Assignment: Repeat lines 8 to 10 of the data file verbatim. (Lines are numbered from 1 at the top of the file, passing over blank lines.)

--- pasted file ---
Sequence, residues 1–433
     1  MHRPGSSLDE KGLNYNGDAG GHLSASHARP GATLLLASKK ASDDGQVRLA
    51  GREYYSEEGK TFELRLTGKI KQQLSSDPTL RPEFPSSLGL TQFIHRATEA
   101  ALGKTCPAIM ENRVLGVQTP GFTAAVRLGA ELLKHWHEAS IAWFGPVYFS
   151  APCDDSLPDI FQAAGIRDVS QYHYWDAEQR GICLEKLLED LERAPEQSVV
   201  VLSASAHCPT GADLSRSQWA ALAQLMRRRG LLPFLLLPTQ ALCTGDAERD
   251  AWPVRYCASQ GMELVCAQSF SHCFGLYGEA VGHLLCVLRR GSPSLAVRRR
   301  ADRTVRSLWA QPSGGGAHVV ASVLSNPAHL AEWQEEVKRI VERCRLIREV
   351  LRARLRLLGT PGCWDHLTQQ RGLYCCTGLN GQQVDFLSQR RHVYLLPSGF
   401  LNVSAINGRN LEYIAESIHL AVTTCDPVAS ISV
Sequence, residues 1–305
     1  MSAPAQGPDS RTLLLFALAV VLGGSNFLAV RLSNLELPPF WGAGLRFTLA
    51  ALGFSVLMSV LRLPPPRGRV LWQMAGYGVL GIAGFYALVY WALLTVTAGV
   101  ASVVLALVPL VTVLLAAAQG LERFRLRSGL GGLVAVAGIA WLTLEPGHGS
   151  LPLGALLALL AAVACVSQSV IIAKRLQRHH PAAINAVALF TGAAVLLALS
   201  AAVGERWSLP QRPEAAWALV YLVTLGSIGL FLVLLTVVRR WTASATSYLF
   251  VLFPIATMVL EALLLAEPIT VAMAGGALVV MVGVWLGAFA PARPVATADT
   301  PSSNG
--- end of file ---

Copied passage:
   301  ADRTVRSLWA QPSGGGAHVV ASVLSNPAHL AEWQEEVKRI VERCRLIREV
   351  LRARLRLLGT PGCWDHLTQQ RGLYCCTGLN GQQVDFLSQR RHVYLLPSGF
   401  LNVSAINGRN LEYIAESIHL AVTTCDPVAS ISV